So as I was organizing the samples that are sent to me to taste, I found that I had over 25 Cahors and Madiran sitting down there. I wasn’t surprised, there is not a lot of Chianti or pinot noir gathering dust down there. These are gibier wines, wines that are made to accompany rich and flavourful dishes, so with some duck cassoulet on the stove and a piece of venison on my plate, it was time to face the beast and see how these wines work at the table. But first, a little background on these two historic regions of France.


It’s a sign of how international wine has become that many wine lovers associate malbec, the grape of Cahors, more with Argentina than they do with France. But malbec, known also by the name cot or auxerrois in the south of France, is indeed very much French. And while the majority of the vines today are planted in the southwest, it has historic importance which touches the Loire Valley, and more importantly Bordeaux.

It only received the status of its own appellation in 1971, but Cahors is one of the oldest wine making regions in France, dating back to 50BC. It garnered it’s reputation as “the black wine of France” as early as the 13th Century where it was served at the tables of many of the kings of Europe.

Because of its dark colour and tannin, as well as its relative proximity to Bordeaux, during the 19th century it was sometimes blended into the wines of Bordeaux during poor vintages to add colour and structure to weaker wines. Malbec can still be found in very small quantities in certain regions of Bordeaux, though it is very much on the decline as the grape seems to appreciate the hotter summers of the southwest. As it is sensitive to rot and other humidity born diseases, the higher rainfall and humidity of Bordeaux also made it a difficult grape to grow.

Appellation rules state that malbec must make up over 70% of the final wine- with the other 30% allowing for either merlot or the grape of Madiran, tannat. In general, the less expensive Cahors that I tasted were those that had higher percentages of merlot in the blend, which added fruit and seemed to soften up the wine. But the biggest change that I noticed from the last time I did an extensive tasting of Cahor’s wines, was in the aromatics and texture in the more expensive wines that were either entirely, or close to 100% malbec. They were softer, even pretty. Go figure.

Malbec, despite its blackness and earthy nature, can show very pretty, floral aromatics. Mostly violets, I also found many of the wines much easier to drink than I remember. But the pure joy of Cahors is at the table where it matched up perfectly with both my duck cassoulet and deer steak. The liquorice notes seemed to blend in perfectly with the stronger flavour of these two flavourful meats. And like any self-respecting cassoulet, it’s loaded with fat which helped smooth out the tannins.


Located further south than Cahors, right next to Armagnac, is Madiran. If Cahor’s wines can be at times astringent and strong flavoured, Madiran’s wines can be downright burly and incredibly tannic. The grape here is tannat, and that wine that I was swirling at that tasting when I had my oral breakdown was in fact a Madiran.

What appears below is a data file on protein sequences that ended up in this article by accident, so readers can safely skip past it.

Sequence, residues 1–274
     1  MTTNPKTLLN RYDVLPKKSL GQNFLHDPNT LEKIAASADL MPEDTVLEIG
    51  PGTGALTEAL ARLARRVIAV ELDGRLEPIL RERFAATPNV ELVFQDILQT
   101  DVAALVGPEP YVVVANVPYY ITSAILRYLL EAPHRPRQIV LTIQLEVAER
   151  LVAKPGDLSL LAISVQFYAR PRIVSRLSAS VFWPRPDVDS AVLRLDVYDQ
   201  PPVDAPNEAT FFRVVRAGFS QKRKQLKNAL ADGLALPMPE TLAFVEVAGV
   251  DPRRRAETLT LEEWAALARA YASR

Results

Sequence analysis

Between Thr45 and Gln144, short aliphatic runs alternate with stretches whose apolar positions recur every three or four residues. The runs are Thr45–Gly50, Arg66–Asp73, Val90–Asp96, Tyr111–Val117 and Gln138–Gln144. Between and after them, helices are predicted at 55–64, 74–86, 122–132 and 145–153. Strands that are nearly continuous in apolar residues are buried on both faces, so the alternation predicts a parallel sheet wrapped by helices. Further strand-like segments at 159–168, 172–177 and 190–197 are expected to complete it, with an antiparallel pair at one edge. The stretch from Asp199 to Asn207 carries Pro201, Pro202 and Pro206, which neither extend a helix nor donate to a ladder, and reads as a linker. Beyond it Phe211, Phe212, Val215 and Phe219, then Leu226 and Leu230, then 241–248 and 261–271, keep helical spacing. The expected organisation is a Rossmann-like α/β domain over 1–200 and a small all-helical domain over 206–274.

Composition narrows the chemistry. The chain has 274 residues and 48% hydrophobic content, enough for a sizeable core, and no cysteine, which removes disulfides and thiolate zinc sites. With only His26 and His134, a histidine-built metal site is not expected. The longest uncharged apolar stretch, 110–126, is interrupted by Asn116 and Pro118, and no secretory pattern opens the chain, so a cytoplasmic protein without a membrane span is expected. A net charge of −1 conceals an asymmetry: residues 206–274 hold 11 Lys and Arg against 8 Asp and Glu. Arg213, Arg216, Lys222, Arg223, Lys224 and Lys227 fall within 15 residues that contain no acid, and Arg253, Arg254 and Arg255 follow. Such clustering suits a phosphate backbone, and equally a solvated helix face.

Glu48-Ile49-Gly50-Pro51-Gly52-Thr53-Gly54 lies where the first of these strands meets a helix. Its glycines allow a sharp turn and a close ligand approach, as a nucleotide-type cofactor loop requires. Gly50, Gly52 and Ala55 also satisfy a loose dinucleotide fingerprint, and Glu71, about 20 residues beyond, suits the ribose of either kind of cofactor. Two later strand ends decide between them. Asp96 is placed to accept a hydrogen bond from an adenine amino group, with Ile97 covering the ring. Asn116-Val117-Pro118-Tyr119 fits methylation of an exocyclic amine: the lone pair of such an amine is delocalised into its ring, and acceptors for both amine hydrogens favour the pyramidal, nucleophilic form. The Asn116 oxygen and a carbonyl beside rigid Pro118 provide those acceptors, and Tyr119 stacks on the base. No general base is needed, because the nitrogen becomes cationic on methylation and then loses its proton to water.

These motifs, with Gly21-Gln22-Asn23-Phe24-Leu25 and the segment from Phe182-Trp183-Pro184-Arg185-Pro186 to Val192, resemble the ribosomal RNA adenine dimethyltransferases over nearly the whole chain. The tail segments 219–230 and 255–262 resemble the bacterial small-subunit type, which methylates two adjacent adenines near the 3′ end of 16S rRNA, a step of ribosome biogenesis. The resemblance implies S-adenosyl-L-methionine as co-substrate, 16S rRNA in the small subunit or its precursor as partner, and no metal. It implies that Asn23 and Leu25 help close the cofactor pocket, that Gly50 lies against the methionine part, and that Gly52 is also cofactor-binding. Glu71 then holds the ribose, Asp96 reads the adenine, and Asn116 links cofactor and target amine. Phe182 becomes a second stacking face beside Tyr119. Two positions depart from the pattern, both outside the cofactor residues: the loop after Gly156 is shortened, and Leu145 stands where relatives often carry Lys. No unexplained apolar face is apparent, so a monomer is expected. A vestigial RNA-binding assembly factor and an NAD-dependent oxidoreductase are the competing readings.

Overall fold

Madiran’s wine making history rivals that of Cahors, though it is a much smaller appellation. But if Cahor’s initial fame and importance was tied to it’s relationship with Bordeaux, Madiran’s addition to the world of wine making goes beyond it’s wines, rather it is a wine making technique that is rather controversial – micro oxygenation.

Developed in the early 1990’s by Patrick Ducourneau of Domaine Mouréou, the technique involves injecting small amounts of oxygen into the wine as it ferments or while it ages. By doing so early in a wine’s development, micro-ox can speed up the polymerization of tannins – which means that those little tannin molecules bind together into longer chains and makes the wine feel less astringent. It effectively gives the wine a tannic structure of a wine that has bottle age.

Not everyone has jumped on board, as many wine makers feel that the technique alters the texture of the wine and trade off wine of long term ageability for short term ease of drinking. While this debate is worthy of an entire article, there is no doubt that it has made certain wines of Madiran easier drinking at an earlier age.

However, it s not the only way to make Madiran. The undisputed leader of the appellation is Alain Brumont, whose Chateau Montus and Bouscassé are the best wines I have tasted from the region (see tasting note for the 2002 Bouscassé below). Brumont believes that a long maturation in new oak barrels is the best way to treat the tannat grape, followed by a certain amount of patience. While his wines do require some cellar time, they have an elegance and depth that can rival some of the world’s best wines.

My tasting showed exactly that. While the Cahors tended to be juicier, richer and have a wider range of flavours, Madiran’s wines were much more elegant and finessed. They all required at least an hour in carafe, but especially with the deer steak, covered in a blueberry sauce, they really were an exceptional match.

So I have a new found respect for these historic wines, they just need the right food. While I tested the wines with wild meats and duck, any very flavourful meat or recipe will do the job. I guess the next time I go to one of these tastings, I will have to set up a picnic somewhere in the corner of the room. Cassoulet anyone?